Kirk Fraser

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Kirk Fraser
Kirk Fraser on Music Video Set.jpg
Kirk Fraser in 2005
Born (1976-02-12) February 12, 1976 (age 41)
Kingston, Jamaica
Occupation Producer, director, screenwriter
Years active 1998–present

Kirk Fraser (born February 12, 1976) is a film director, screenwriter, and film producer.

Kirk Fraser's first documentary film, The Life of Rayful Edmond: The Rise and Fall, Vol. I was released on July 12, 2005.[1]

In 2006 Fraser teamed up with Lil' Kim and Tracey Edmonds to develop a reality series, Lil' Kim: Countdown to Lockdown on BET. It was the highest debuting series in BET history with 1.9 million viewers. [2]

Fraser produced and directed Without Bias, a documentary film on Len Bias.[3][4] The film was awarded the Grand Jury Prize for Best Documentary at the 13th Annual American Black Film Festival.[5]

In 2009 ESPN selected Fraser to join the list of the top 30 film directors to develop 30 for 30, a series of documentaries in celebration of ESPN's 30Th Anniversary.[6]

Fraser executive produced Mayor For Life, a reality series on the former mayor of Washington, DC Marion Barry.[7] The show was cancelled after a former employee of Councilwoman Yvette Alexander was fired for his appearance in the pilot episode that premiered on YouTube.[8]

On April 2, 2015 Fraser launched Blue Mountain Pictures, a production and digital distribution company for feature films and original television series.[9]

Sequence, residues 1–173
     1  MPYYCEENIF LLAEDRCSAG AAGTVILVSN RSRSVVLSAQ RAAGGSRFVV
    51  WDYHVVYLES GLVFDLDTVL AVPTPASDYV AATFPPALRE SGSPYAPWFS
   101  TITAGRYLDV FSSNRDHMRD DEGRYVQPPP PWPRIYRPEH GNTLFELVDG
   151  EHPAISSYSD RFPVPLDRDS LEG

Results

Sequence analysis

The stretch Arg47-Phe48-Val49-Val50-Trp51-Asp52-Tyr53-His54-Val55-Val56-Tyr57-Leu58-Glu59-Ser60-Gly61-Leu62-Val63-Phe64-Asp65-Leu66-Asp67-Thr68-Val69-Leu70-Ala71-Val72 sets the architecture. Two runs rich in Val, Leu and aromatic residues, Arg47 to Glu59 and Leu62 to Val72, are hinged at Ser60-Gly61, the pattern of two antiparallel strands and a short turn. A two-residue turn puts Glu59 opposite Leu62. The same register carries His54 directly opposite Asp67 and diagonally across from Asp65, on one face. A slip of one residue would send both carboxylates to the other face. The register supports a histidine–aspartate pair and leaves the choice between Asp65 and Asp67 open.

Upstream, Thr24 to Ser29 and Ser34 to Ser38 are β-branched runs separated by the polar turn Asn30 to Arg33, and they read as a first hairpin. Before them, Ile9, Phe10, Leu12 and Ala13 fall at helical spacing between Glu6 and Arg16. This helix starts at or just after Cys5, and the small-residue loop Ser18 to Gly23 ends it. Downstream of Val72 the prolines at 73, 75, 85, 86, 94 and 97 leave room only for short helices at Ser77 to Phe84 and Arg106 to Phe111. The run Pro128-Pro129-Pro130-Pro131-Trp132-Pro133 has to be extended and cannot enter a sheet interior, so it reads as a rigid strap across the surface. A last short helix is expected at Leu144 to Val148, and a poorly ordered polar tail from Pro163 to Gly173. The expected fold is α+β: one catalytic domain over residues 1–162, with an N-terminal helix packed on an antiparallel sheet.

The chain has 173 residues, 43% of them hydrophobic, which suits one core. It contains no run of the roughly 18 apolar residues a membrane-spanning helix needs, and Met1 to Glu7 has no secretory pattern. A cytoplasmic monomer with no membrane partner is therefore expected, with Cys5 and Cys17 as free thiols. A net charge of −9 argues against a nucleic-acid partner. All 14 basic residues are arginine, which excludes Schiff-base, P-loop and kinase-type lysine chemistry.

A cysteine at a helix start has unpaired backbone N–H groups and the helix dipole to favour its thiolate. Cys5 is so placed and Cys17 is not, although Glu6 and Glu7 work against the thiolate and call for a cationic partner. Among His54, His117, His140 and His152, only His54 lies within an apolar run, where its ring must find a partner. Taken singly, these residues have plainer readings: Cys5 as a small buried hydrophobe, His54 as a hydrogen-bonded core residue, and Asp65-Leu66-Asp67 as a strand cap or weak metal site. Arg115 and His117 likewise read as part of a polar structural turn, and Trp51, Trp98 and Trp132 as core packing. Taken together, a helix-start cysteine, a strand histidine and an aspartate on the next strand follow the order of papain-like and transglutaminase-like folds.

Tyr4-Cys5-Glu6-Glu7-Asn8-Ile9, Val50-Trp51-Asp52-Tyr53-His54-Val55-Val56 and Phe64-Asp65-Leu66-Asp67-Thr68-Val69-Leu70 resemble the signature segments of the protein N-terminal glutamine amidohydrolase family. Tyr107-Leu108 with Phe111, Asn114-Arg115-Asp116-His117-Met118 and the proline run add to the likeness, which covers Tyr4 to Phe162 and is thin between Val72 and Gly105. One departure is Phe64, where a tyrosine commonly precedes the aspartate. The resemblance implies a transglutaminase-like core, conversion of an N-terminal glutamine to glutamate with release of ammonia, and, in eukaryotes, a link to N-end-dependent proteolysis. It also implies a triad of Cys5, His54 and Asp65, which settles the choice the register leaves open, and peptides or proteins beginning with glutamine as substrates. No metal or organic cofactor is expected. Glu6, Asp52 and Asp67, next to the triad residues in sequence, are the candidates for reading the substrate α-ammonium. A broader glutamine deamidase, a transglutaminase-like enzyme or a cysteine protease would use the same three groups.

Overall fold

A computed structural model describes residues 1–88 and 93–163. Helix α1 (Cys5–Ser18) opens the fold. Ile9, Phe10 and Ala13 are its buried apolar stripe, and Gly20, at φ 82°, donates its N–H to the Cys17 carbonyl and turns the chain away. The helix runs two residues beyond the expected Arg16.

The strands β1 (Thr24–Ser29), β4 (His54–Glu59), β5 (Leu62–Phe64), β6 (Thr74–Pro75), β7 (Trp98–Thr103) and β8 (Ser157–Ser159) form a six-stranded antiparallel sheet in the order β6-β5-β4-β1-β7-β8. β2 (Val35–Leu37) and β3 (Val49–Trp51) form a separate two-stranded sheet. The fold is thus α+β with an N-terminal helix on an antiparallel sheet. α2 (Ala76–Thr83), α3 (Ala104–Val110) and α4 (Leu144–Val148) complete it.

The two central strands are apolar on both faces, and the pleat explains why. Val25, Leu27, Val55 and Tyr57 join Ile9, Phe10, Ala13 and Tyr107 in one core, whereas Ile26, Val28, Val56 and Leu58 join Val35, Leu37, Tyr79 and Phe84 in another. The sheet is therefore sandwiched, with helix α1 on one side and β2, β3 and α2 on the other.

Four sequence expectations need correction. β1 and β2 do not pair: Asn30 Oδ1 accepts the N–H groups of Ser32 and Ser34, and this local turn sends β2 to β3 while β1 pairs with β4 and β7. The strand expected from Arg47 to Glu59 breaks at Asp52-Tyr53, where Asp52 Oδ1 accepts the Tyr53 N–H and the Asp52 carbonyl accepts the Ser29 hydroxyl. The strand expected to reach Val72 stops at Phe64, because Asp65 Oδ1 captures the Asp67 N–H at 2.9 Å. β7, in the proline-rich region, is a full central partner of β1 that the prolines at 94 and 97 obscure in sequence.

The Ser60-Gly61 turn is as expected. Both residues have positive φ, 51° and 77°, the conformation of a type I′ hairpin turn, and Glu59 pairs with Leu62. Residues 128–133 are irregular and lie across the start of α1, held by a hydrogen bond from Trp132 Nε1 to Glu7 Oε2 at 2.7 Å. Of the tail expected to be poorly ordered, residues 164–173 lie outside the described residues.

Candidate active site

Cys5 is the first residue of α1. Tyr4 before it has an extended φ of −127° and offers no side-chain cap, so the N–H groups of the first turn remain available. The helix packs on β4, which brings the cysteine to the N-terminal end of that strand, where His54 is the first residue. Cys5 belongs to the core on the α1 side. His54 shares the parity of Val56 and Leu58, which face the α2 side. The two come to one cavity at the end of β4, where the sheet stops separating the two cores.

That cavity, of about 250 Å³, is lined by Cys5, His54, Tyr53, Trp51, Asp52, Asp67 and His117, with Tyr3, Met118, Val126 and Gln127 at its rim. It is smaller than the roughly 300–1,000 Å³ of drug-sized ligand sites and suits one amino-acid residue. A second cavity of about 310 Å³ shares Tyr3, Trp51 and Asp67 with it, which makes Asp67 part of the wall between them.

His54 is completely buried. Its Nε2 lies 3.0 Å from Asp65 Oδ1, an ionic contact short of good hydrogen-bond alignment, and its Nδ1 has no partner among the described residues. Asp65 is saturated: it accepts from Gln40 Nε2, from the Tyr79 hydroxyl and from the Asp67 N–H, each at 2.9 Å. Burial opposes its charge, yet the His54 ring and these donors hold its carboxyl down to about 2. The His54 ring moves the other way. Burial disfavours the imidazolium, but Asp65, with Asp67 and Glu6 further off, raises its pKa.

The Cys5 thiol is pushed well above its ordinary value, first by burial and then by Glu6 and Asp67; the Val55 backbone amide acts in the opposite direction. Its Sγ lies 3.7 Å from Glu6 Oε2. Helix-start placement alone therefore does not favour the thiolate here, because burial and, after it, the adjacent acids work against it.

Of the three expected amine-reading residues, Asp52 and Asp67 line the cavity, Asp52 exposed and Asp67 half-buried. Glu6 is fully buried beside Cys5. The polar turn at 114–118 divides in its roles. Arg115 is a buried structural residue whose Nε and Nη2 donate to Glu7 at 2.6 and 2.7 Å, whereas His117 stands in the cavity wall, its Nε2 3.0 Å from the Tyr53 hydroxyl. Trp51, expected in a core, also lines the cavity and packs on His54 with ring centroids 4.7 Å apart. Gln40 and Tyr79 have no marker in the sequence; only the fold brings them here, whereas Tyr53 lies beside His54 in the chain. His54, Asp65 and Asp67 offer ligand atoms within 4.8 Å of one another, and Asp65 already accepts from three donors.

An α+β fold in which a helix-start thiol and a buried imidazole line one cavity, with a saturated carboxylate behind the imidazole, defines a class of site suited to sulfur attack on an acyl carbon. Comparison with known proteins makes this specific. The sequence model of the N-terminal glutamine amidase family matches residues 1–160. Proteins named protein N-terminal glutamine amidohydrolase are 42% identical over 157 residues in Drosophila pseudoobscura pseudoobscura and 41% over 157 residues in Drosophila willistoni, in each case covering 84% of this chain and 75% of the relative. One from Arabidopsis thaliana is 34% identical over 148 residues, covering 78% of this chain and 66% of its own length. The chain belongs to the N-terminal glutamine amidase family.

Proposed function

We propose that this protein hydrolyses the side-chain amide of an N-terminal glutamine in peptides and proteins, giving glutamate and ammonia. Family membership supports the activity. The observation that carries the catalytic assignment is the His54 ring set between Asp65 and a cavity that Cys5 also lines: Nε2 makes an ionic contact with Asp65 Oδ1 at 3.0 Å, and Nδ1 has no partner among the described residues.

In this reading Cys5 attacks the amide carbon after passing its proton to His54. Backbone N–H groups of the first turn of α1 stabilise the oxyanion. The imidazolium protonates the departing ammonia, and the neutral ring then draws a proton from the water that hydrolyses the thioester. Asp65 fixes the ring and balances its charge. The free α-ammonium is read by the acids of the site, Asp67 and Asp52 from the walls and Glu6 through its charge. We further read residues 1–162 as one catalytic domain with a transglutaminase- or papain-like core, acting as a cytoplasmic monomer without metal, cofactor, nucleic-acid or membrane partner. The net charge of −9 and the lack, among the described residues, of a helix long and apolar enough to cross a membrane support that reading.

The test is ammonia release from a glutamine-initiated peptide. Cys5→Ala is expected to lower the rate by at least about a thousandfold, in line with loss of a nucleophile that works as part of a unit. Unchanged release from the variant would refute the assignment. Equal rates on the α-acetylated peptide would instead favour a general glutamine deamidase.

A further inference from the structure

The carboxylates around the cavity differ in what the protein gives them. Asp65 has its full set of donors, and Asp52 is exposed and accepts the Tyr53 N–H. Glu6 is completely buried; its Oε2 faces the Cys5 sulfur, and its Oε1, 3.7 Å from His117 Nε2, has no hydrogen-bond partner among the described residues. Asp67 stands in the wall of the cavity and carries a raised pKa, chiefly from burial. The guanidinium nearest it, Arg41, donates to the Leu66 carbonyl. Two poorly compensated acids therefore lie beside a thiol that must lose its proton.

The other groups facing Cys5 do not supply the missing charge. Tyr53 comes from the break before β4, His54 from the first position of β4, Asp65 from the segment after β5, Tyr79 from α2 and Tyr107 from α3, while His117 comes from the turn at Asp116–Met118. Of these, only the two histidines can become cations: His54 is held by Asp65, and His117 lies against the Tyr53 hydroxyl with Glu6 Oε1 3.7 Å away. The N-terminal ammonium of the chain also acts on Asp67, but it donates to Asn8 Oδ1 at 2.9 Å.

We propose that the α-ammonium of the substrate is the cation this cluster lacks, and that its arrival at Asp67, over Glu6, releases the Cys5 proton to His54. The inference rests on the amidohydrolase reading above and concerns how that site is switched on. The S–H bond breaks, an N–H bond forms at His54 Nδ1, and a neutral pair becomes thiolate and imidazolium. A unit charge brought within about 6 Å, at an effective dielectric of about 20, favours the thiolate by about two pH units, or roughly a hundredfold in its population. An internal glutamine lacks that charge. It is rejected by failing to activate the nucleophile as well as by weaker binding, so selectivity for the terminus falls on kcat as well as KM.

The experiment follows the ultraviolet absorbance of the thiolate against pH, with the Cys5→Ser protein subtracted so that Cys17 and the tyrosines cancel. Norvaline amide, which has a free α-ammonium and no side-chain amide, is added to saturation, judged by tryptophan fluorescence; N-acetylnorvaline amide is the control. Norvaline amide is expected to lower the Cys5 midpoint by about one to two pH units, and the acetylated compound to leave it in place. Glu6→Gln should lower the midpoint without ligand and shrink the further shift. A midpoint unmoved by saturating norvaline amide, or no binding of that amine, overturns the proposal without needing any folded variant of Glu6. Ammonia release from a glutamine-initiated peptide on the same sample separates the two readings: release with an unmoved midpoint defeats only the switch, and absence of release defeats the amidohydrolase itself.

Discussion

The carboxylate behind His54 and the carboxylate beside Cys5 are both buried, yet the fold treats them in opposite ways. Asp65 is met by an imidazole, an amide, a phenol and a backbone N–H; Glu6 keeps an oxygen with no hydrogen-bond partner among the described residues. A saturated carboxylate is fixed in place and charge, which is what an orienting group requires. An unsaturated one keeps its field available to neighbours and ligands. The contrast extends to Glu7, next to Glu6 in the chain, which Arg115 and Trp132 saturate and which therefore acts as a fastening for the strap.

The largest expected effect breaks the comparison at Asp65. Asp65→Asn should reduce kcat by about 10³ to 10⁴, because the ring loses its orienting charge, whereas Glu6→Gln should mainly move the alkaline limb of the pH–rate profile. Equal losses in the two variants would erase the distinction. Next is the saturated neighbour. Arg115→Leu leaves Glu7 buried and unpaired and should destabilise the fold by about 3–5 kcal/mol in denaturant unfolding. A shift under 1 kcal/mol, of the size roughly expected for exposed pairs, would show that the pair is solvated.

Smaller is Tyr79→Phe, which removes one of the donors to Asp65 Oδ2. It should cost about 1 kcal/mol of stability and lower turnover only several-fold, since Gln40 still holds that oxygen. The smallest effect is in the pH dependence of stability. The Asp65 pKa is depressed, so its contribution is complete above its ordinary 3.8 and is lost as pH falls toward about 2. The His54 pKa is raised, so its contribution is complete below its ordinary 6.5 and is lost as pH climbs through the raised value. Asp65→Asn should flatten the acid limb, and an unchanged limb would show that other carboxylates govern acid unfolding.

Selected filmography[edit]

  • The Life of Rayful Edmond (2005) (director & executive producer)
  • Lil' Kim: Countdown to Lockdown (2006) TV series (producer)
  • Against All Odds (2006) TV Movie (director & producer)
  • American Gangster (2006–2008) TV series (producer)
  • Party Boyz (2009) (executive producer)
  • Without Bias (2009) (director & executive producer)
  • Mayor For Life (2010) (executive producer)

Awards and nominations[edit]

Year Award Result Category Series
2006 Urban DVD Awards Won Best Documentary The Life of Rayful Edmond
2009 American Black Film Festival Won Best Documentary Without Bias
2010 Black Reel Awards Won Best Documentary Without Bias
2010 The New York Festivals Won Television & Film Community Portraits Without Bias
2010 Sports Emmy Award Nominated Outstanding Sports Documentary Without Bias 30 for 30
2010 Peabody Award Won Outstanding Documentary ESPN Films 30 for 30


  1. ^ Cauvin, Henri E. (July 22, 2005). "A Drug Kingpin's Hot-Selling Story: DVD on Rayful Edmond III Has Captivated Washington". Washington Post. Retrieved August 1, 2009. 
  2. ^ "BET's Lil' Kim reality series becomes channel's most-watched debut". 2006-03-22. Retrieved 2012-02-24. 
  3. ^ Palmer, Nancy Doyle (February 26, 2008). "Len Bias Movie Promoted at Sundance: Guerilla marketing tactics pay off for a group of Washington filmmakers". Retrieved August 1, 2009. 
  4. ^ Bratcher, Drew (June 1, 2009). "Death of a Legend". Retrieved August 1, 2009. 
  5. ^ "From Awards to Opening Nights, District Stars in Film and TV". July 20, 2009. Retrieved August 1, 2009. 
  6. ^ Lidz, Franz (September 30, 2009). "ESPN's '30 for 30' Lets Flmmakers Take the Real Big Picture Behind the Games". New York Times. Retrieved October 24, 2009. 
  7. ^ Argetsinger, Amy (March 25, 2010). "Marion Barry declines to discuss potential reality show all about Marion Barry". Washington Post. Retrieved February 4, 2011. 
  8. ^ Mandell, Nina (December 10, 2010). "The next Sarah Palin? Former DC Mayor Marion Barry launches reality show on YouTube". New York Daily News. Retrieved February 4, 2011. 
  9. ^ Fields-Hall, Mia (April 3, 2015). "Spotlight D.M.V.: Kirk Fraser and Blue Mountain Pictures Release New Dallas Mavericks Documentary". The Fab Empire. Retrieved April 3, 2015. 

External links[edit]